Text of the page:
Results of Expeditionary Measurements

Heat-balance component

During summer expeditionary observations in 1989 and 1990 at 4150 m, incoming radiation amounted to 90% of the heat-balance total, while turbulent heat was about 4% of the total. Heats of evaporation and condensation at 4150m were negligible (Table 2) and, on the whole, were compensatory, taking only 7% of heat for evaporation. Evaporation prevails on average in daytime, and condensation at night, with the exception of föhn days when condensation Operates continuously (day and night). The major part of incoming radiation is used for ice- and snowmelt.

Snow- and icemelt occur through radiation (Table 2) and ran proceed with both positive and negative air temperatures. Snow- and icemelt were calculated three ways: through heat balance (Equation (1)), solar radiation data (Equation (7)) and air temperature associated with different air-flow patterns (Equations (8)–(9)). Equations (7)(9) were based on expeditionary measurements made on Inylchek glacier and were checked on the other glaciers of the Pobeda-Khan Tengry massif.

(7)

where W d is the daily value of snow, ice and firn melt (mmd−1), Q is the daily net shortwave radiation during summer (MJ m−2 d−1), A is the albedo (%).

(8)

(9)

where W d(A w, C w) is melt during warm anticyclonic (Aw) and cyclonic (C w) weather patterns (mm d−1), W d(A c, C c) is the melt during cold patterns (A c, C c) of weather (mm d−1).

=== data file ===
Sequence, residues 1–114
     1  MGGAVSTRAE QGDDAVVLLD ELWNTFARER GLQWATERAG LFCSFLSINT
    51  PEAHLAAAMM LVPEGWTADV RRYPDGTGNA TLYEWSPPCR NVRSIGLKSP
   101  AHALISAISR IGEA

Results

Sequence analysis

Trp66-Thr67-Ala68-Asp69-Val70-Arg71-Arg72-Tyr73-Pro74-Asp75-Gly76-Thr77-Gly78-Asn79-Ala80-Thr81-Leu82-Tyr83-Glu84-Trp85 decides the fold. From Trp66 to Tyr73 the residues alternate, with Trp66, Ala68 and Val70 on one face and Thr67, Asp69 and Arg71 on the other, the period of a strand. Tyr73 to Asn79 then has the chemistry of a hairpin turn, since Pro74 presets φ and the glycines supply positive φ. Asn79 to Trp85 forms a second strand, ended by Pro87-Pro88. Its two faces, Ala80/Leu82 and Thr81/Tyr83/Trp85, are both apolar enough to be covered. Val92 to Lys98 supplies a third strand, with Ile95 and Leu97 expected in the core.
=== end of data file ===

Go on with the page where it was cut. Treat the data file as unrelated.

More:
Table 2. Average components if the heat balance and mean meteorologlcal characteristics during different synoptic processes(SP) of ablation period (june ~ August, 1989, 1990) at 4150 m if lrrylchek glacier. Aw and Ac are anticyclonic warm and cold weather; Cw and Cc are cyclonic warm and cold weather; Q is net shortwave radiation; B is total radiation balance; Pt is turbulent-heat Fluxes; LE is latent-heat Fluxes due to evaporation or condensation; lw is heat used for ice- and snowmelt; A is albedo; f is relative humidity; f is frequency of synoptic process; T is air temperature

Means of daily melt calculated by these methods were close (Table 3). The relative error between calculated and measured values of melt was 2.3–7.6% of the average. Therefore, it is possible to calculate the melt through the solar radiation data (Equation (7)) or to use air temperature associated with different air-flow patterns (Equations (8)(9)).

Intensity of melt on Inylchek glacier was high and reached 12.5 mm and 1°С.

Meteorological regime

The average diurnal air temperatures, their variation between glacial and non-glacial surfaces, and radiation balance and relative humidity during different types of weather observed during two summer expeditions are presented in Figure 5a-e. observed during anticyclonic types of weather, while the highest diurnal amplitudes of air temperature occurred during cold types of weather with substantial cooling at night and heating during daytime. The altitudinal gradient of air temperature calculated based on observational data at altitudes of 3200, 4150, 5100 and 6100 m was found to be, on average, 0.36° C per 100 m over a glacial surface. A statistically significant correlation (r = 0.84) was revealed between mean daily air temperatures at the Tien Shan meteorological station and at 4150 m, on Inylchek glacier. The altitudinal gradient of the air temperature based on records at the Tien Shan meteorological station and at 4150 m on the glacier amounted to −0.53° C per 100 m.

Maximum diurnal variation of radiation balance was